Aditi Patil | How to Increase Gender Representation in STEM
A new study by female geoscientists
and engineers looks deeper into the
problem and offers solutions on closing
the gap. Women are interested in the
STEM field; women make up 53
percent of science undergraduate and
masters students around the world and
43 percent of Ph.D. candidates.
However, the further up in the field
you progress, the number of women
decreases. In 2013, women made up
just 23 percent of tenured science
academics and 13 percent of
professors in Europe.
The research also surveyed over 300 people in the field. The
results showed chronic underrepresentation in areas such as
journal publications, prestigious jobs at universities and
scientific committees. The women in the field reported feelings
of not being taken seriously, gender stereotyping, lack of
female role models in the field, and exclusion from social
While the results are bleak, they aren’t exactly surprising.
However, the researchers developed a seven-step plan to
increase gender representation in the field. The plan doesn’t
just apply to women, it takes into account the influence of
men, and can be used in other disciplines with gender
02 Promote high-achieving females
STEPS TO IMPROVING
05 Get better support for women returning to work
06 Redefine success
07 Encourage women to enter the field at a young age
04 Speak up
03 Create awareness of gender bias
01 Advocate for more women in prestigious roles
WHY SPEAK OUT?
The researchers stress the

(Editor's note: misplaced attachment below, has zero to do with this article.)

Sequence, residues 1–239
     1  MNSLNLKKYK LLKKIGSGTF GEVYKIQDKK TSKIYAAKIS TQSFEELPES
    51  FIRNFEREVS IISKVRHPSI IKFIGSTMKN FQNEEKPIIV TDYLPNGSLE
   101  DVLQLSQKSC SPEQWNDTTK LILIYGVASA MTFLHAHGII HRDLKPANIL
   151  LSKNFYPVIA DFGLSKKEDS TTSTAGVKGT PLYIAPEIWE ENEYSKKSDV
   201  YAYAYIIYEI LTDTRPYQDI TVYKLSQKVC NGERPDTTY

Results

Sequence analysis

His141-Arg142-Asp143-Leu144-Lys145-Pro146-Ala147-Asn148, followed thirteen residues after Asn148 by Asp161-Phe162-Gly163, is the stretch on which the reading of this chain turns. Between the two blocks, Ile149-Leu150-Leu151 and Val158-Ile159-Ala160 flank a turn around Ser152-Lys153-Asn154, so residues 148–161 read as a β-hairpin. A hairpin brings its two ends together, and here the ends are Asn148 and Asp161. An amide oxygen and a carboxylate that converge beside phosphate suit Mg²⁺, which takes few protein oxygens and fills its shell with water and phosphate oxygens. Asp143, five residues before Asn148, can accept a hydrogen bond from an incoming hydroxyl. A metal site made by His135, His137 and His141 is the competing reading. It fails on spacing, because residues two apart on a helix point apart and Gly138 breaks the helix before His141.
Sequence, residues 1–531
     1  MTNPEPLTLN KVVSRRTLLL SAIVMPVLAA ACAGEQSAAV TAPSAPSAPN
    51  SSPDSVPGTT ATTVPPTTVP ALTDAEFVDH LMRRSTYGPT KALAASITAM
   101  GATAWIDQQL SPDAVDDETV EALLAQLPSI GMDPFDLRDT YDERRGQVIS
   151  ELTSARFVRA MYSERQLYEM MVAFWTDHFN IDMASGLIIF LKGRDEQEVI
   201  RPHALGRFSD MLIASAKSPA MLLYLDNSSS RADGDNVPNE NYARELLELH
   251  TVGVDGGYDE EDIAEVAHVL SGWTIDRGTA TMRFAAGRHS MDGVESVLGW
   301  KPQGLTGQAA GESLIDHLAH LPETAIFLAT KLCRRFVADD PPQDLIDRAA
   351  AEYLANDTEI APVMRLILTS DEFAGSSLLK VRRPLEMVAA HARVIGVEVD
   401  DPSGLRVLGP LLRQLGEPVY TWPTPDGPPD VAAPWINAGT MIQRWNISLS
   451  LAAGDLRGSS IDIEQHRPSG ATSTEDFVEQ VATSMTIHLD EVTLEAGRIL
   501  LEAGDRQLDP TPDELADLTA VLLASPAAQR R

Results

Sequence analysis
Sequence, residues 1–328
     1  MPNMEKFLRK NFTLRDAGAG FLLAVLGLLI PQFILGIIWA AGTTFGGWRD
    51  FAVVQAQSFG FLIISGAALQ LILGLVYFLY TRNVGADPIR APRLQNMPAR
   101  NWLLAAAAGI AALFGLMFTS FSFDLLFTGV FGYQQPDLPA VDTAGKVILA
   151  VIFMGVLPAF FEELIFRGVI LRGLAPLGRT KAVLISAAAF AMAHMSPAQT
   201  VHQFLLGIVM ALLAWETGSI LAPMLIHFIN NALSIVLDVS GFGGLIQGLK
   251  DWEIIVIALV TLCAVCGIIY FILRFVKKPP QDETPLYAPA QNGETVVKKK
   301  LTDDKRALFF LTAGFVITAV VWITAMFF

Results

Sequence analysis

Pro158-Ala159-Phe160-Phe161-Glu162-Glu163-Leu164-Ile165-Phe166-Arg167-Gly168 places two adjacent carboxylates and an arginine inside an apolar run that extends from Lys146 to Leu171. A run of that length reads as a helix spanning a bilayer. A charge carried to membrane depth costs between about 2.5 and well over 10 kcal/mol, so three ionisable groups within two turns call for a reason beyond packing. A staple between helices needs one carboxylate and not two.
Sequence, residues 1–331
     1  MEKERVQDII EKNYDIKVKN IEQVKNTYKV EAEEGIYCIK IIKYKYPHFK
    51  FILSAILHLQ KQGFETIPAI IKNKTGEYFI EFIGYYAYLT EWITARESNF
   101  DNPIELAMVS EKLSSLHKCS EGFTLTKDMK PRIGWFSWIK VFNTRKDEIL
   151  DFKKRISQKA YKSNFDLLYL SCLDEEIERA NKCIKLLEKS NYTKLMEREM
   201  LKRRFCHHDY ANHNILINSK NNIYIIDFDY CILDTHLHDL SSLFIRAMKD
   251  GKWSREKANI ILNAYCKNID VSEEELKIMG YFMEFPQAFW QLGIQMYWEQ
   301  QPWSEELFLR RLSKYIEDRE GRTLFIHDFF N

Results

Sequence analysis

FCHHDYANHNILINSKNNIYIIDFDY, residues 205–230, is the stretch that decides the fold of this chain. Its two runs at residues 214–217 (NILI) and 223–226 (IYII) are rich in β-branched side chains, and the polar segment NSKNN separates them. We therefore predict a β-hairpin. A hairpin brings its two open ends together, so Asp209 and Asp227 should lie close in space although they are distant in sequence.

importance of everyone
speak out when they
witness gender bias occur. If
only the marginalized
groups speak out, it has less
of an effect than when men
in the field voice their
concerns about the
Why is support so important?
Support for young girls and women entering the field is crucial. While many
women have the skill and passion for the field, they often lack the mentorship
needed to keep them pushing forward. Girls interested in the field should have
more opportunities to practice their skills and connect with others who share the
same interests, as women are more likely to stay in STEM PhD programs when
there are more women enrolled in the program.
The steps focus around promoting the visibility of
women already in the field and their successes.
Representation matters, and even in TV shows and
movies, men in STEM roles outnumber
women nearly 2 to 1. When young girls see only
men in those types of positions, they assume that
those types of careers aren’t attainable to them.
They’re discouraged before they even start.
By increasing the representation and
support for women in STEM, it will
help to close the gender gap and
encourage more women to pursue
careers in the field.